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Methinks thous readest too much into it.

Well I hope so. Consider, however, that I am reading her in light of what she doesn't say as much I am in light of what she positively asserts.

In my opinion, if Matthews-Green properly appreciates the significance of the historical reality of Christ's human sufferings, then her critique shouldn't have been so one-sided.

When I first saw 'The Passion' I was personally very moved, not because I felt sorry for Christ, but because I was graphically reminded of the extent of His Love—of the fact that, although being the impassible and transcendent God, He, of His own will, humbly assumed true flesh, and consequently experienced (again, of His own will) genuine human pain, suffering, and ultimately death, for our sake.

I was very conscious of the fact that throughout the entire course of His Suffering, He was conquering suffering—at no point did I pity Him (the only one I could pity was myself, as I was prompted to reflect upon the fact that despite the measures He took for my sake, I have yet to reciprocate an infinitesimal measure of His Love) yet at the same time I realised that He could've so conquered suffering and death through any other means had He so willed (after all, He is God). But He chose to suffer. Not in appearance, but in reality.

That's how I apprehended the movie when I first viewed it; it was an artistic reinforcement of the historical reality and genuineness of Christ's Passion—a reality and genuineness that serves as concrete evidence of His Love. Later on, as I got deeper into Christological and Soteriological studies, I came to a more refined understanding of just how that Love was effected as I came to further appreciate the idea that the historical reality and genuineness of Christ's suffering is the foundation of our own hope to be freed from the suffering of this age and world; a reality and genuineness that the Church has gone to lengths to defend since time immemorial.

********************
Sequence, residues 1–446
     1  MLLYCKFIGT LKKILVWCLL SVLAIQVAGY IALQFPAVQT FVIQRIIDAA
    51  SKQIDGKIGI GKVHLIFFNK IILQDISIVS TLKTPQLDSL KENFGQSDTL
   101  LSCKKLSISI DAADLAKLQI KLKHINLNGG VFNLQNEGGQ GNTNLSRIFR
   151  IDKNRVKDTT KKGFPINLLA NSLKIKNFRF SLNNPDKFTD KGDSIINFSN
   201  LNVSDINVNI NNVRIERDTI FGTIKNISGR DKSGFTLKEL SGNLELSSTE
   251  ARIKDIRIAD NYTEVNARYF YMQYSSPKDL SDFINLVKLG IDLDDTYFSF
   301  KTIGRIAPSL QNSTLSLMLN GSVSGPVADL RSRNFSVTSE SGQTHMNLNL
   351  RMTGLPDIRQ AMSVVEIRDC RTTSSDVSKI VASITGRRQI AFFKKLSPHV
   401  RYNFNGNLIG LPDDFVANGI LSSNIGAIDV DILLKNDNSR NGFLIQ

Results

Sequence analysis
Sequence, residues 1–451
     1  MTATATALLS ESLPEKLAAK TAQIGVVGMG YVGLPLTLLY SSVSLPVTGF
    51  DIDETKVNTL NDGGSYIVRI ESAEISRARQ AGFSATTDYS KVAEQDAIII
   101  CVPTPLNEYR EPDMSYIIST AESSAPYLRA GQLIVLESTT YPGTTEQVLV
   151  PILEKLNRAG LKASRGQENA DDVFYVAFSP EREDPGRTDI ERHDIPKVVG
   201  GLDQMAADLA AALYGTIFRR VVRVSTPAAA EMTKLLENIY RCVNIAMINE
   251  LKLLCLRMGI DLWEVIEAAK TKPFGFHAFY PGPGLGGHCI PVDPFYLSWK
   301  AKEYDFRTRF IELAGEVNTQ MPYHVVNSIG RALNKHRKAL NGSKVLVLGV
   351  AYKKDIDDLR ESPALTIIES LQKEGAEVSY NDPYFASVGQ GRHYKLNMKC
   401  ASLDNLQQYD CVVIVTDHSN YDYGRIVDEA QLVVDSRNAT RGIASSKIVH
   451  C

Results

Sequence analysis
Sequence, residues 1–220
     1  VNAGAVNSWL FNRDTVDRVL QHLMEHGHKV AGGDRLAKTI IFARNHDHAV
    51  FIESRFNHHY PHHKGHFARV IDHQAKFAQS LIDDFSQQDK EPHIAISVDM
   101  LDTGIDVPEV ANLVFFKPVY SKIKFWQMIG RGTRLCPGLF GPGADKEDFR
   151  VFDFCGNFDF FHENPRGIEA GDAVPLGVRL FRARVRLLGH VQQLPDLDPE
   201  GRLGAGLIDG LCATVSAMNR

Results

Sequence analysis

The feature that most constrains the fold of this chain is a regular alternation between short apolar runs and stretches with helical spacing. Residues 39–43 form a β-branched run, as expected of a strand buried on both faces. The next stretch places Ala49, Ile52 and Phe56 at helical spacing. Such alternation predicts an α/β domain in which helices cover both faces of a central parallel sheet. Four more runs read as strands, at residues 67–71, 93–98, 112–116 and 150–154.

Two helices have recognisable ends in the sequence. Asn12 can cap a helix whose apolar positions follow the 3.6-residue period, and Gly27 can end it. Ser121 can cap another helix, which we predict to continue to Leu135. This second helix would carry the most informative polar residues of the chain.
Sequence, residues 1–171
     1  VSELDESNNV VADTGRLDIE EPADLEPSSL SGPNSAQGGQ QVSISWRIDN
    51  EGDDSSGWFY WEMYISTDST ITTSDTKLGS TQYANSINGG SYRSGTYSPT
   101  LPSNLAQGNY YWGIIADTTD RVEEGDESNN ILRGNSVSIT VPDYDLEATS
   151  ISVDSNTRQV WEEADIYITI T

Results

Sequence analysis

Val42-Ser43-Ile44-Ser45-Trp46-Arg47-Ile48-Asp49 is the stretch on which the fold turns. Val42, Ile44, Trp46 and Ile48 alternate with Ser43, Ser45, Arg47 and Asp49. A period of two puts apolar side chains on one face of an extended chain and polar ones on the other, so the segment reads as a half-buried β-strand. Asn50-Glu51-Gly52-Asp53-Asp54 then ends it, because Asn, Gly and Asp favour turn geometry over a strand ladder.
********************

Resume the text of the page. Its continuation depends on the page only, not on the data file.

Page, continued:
Ultimately, like any form of art, Gibson's movie is not self-interpreting. It is what the viewer makes of it based on their own presuppositions. In my opinion, a good Orthodox response to 'The Passion' would aim to reinforce the Orthodox presuppositions through which the film should be viewed so as to encourage an edifying apprehension of and reflection upon the movie. Absolutising a particular and negative take on the movie is not only theologically narrow, but philosophically absurd (in my opinion at least).
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« Reply #6 on: November 11, 2007, 09:05:31 AM »

Why haven't brutally violent and bloody portrayals of Christ in excruciating agony been in either of our Churches iconographic/artistic and even literary traditions if they are so vital to our appreciation that they were "real" events? Our Churches certainly had the media with which they could have done so- so why didn't they?
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« Reply #7 on: November 11, 2007, 08:53:30 PM »

Why haven't brutally violent and bloody portrayals of Christ in excruciating agony been in either of our Churches iconographic/artistic and even literary traditions if they are so vital to our appreciation that they were "real" events?

Well, first of all, I don't think they are vital to such an appreciation; only helpful to developing and/or reinforcing such an appreciation, and even then, only helpful to some.

Second of all, I agree that the movie was maybe a little too "brutally violent." I think it would have been just as effective had it been toned down a bit. I am in no position to judge the historical accuracy of the degree of violence depicted, however, and I would suggest that such is an important issue to consider.

Thirdly, I think the iconographical tradition is a whole different issue—it has a rather unique and defined purpose. With respect to non-iconic artistic depictions of the Crucifixion, I will address that in my response to the below comment:

Quote
Our Churches certainly had the media with which they could have done so- so why didn't they?

The effectiveness of 'The Passion', insofar as I have attempted to account for it in light of my own personal experience and interpretation, lies in its ability to absorb the viewer and transport him/her to the historical stage of Christ's Sufferings as a live witness. This ability is ultimately a result of the "realistic-ness" of the scenes—a realistic-ness that only the highest level of cinematography and professional acting can successfully produce. I don't think either of our Churches have ever had the capacity or means to do what Gibson did, and if we ever at any point do acquire such a capacity and means, then I should hope to see an Orthodox take on the Passion some time in the future--one which does not play down His Suffering (it seems that Matthews-Green would have Christ strolling to Golgotha as if taking a walk in the park), but one which nevertheless complements such scenes with substantial emphasis on the Resurrection so as to give a more complete picture to those who approach such a film without the proper theological presuppositions in mind.